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Cocaine cut with animal de-wormer is making user's skin rot

The damage to the user's face caused by the Levamisole (PIC via BMJ)
The damage to the user's face caused by the Levamisole (PIC via BMJ)

Cocaine is obviously bad for you but with up to 80 per cent of the drug cut with a product called Levamisole, it is even more dangerous than you think.

A study in the British Medical Journal has revealed just how dangerous this new trend is for users of the illegal drug.

They published photos of a 42-year-old woman who had taken cocaine cut with Levamisole, a de-wormer given to cattle and horses.

She had lesions on her face while her ears had turned black. She also had pains in her joints, muscles and abdominal pain.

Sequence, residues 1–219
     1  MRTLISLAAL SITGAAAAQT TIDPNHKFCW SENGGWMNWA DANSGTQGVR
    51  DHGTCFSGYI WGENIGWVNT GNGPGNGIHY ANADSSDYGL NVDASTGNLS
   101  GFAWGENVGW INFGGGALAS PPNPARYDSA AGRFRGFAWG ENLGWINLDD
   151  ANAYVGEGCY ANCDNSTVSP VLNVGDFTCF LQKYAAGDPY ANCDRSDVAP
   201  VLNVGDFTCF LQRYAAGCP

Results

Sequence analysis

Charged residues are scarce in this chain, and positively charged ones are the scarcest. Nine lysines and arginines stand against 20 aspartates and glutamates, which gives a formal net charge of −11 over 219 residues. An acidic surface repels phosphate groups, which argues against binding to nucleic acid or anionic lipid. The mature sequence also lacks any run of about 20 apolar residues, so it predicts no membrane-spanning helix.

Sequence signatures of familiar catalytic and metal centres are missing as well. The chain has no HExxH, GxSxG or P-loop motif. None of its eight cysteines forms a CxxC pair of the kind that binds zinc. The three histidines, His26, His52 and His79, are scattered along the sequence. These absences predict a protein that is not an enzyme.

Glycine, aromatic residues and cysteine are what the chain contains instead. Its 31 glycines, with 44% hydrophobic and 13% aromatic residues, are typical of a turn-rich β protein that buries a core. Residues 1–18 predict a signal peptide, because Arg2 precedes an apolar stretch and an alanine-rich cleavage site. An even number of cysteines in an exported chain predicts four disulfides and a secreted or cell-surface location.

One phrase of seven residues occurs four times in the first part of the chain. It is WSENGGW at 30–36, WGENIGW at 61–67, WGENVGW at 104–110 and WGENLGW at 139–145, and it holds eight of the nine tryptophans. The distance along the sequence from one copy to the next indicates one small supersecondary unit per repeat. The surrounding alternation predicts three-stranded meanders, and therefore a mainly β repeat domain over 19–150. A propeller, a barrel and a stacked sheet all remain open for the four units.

Levamisole was banned for use on humans after it was discovered that it reduced white blood cell counts, increasing the risk of infections while damage to blood cells in the extremities like fingers, nose and ears can lead to the skin rotting and turning black.

For years, cocaine arrived in Europe pure from South America and other cutting agents such as baking powder or glucose were used to increase the size of the batches.

Now the drugs are often cut before the smuggling process begins and a study of seized drugs in the UK last year found 80 per cent of cocaine had Levamisole in it.